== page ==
Champagne 101: Selecting, Serving, and Sipping

Champagne 101: Selecting, Serving, and Sipping


What’s a party without Champagne? Who knows… From weddings, birthdays, New Year’s Eve, to Valentine’s Day and more, electing Champagne as the celebratory drink of choice is never wrong. However, choosing the best bottle of bubbly can be quite the challenge. Brut, Extra Brut, Doux—where do you begin? Here to help, we have a step-by-step guide to help you choose the perfect bottle of Champagne with confidence.  

Step 1: Know the difference between Champagne & Sparkling Wine

All Champagne is sparkling wine, but not all sparkling wine is Champagne. To be classified as Champagne, it must adhere to the following:

1.) Made exclusively in the Champagne region of France.

2.) Produced from traditional Champagne grapes (Chardonnay, Pinot Noir, and Pinot Meunier).

3.) Made by Méthode Champenoise (the traditional Champagne making method that requires a second fermentation in the bottle).

Step 2: Find your sweet spot, Extra Brut to Doux

Do you have a sweet tooth? During the last stage of production, sugar is added to balance out the acidity. Depending on the amount of sugar, the bottle will fall under one of the following categories, listed from dry to sweet.  

Brut Nature – Otherwise known as bone dry! Brut Nature has no residual sugar.

Extra Brut and Brut – Very little detectable levels of sweetness remain, making them perhaps the most versatile of Champagnes when it comes to food pairings.  

Sec, Demi-Sec, and Extra Sec – Dry, medium-dry, and extra-dry, these levels have noticeable sweetness but can’t quite be considered a dessert wine.

Doux – Can you say dessert in a glass? This is as sweet as Champagne comes with over 50 grams of residual sugar.

Step 3: It’s all about the grapes


There are three grape varietals used to make Champagne: Chardonnay, Pinot Noir, and Pinot Meunier. On the label you will see the following:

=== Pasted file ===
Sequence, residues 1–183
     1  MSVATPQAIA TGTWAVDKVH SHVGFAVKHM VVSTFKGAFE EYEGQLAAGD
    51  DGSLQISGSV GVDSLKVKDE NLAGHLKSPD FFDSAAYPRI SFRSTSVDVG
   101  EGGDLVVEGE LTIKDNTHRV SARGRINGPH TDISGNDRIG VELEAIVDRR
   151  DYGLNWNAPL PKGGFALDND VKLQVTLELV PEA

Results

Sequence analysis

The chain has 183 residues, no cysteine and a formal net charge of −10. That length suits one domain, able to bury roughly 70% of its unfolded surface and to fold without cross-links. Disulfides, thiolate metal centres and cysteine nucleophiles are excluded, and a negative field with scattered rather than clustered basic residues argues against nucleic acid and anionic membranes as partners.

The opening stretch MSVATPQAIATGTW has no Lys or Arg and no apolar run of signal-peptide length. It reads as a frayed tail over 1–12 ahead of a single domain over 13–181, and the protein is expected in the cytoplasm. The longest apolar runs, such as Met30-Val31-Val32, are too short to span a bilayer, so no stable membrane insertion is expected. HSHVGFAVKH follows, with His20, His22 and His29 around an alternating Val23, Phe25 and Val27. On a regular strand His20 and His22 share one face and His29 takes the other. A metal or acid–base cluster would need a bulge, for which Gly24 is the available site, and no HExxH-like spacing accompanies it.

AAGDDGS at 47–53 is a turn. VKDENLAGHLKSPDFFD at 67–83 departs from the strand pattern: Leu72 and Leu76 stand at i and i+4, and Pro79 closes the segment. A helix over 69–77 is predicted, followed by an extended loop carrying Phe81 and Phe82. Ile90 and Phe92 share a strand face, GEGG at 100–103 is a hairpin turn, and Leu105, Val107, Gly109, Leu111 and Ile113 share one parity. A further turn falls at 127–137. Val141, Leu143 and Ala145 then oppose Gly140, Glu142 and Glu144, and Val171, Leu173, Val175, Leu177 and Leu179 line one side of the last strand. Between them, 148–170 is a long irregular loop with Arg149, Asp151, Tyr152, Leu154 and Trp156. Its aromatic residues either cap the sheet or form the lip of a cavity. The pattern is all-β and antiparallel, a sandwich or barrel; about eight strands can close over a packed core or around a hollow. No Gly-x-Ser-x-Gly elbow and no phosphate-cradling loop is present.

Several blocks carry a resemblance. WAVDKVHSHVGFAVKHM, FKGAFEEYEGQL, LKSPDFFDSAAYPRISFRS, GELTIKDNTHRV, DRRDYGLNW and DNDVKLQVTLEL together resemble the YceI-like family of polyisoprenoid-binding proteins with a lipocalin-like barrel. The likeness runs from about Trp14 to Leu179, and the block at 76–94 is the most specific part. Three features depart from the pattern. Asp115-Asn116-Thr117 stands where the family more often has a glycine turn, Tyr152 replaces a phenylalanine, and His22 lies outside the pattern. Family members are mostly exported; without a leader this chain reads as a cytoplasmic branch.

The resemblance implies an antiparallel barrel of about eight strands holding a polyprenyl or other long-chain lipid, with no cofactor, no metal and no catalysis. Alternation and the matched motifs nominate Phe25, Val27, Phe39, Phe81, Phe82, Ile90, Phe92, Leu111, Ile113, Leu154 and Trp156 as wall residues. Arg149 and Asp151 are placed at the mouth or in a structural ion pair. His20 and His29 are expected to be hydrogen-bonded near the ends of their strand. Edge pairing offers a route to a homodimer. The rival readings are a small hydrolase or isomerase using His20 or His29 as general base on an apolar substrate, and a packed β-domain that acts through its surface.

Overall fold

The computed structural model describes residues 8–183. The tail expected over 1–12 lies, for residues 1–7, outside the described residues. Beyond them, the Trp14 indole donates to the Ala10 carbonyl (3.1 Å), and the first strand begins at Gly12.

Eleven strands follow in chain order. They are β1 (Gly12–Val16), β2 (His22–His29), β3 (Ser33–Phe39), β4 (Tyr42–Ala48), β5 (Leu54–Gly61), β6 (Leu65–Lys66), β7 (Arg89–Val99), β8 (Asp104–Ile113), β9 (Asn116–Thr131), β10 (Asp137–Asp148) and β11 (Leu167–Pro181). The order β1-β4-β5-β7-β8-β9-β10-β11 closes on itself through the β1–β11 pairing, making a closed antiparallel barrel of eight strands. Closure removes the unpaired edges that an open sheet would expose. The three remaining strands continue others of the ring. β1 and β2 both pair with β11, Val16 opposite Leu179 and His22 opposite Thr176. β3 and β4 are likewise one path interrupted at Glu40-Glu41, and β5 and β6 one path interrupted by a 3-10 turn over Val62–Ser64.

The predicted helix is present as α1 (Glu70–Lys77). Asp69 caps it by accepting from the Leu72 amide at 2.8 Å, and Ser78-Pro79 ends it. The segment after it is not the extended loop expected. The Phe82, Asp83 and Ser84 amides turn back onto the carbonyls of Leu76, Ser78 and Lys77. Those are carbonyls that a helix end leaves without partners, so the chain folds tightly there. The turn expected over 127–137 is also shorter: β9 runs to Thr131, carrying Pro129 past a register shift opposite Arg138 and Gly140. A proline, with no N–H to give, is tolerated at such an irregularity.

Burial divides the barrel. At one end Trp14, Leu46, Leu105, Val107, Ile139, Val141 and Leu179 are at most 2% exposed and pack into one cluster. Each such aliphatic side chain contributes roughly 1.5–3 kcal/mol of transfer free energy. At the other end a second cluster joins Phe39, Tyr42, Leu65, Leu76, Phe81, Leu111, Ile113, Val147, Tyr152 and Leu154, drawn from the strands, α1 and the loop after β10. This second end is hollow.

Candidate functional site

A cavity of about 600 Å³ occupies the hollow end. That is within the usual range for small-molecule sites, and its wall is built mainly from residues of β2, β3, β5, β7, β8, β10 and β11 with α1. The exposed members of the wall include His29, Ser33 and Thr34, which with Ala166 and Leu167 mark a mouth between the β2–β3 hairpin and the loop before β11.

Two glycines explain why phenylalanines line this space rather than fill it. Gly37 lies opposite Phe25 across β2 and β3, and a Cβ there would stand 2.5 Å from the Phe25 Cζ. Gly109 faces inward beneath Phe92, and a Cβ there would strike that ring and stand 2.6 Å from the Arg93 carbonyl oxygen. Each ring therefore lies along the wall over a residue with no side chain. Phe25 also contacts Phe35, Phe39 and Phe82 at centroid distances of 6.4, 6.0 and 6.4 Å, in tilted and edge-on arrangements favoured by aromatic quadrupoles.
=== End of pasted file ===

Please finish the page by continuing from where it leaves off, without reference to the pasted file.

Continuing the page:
Blanc de Blancs – Or “white of white” refers to Champagne made from Chardonnay grapes typically grown in the southern part of Champagne known as the Côtes de Blancs. Lighter in style, this acidic, fruit-forward, and crisp wine makes a great aperitif.    

Blanc de Noirs – Means “white of black” and is a white Champagne made from Pinot Noir, Pinot Meunier, or both. This style is usually more full-bodied with moderate flavor intensity which makes it a perfect match for a variety of foods.

Rosé- All day! Made with only one grape or all three, it must contain a percentage of a Pinot Noir or Pinot Meunier to get that favored pink color.

Step 4:  Non-vintage vs. Vintage

It all comes down to how much you are willing to spend to impress your guests or the in-laws.

Non-vintage: Exactly what it sounds like—not from a particular year. Champagne that consists of a few years blended together for consistency and balance in acidity  representing a “house style.” Best enjoyed within a year or two from purchase.

Vintage: When a year is too perfect to pass up, the Champagne is declared a vintage. Low in supply and high in demand, they typically age 10-15 years and are on the pricey side.

Step 5: Let’s pop some bottles!


You can buy the best bottle of bubbly out there, but if you don’t know how to serve it then don’t bother. Champagne is best served chilled at 45 degrees and poured slowly to savor the bubbles.

Tip: If you’re in a pinch for time, add salt to your ice bucket to speed up the chilling process!

We hope the above provided some guidance and foundation for you this holiday season.

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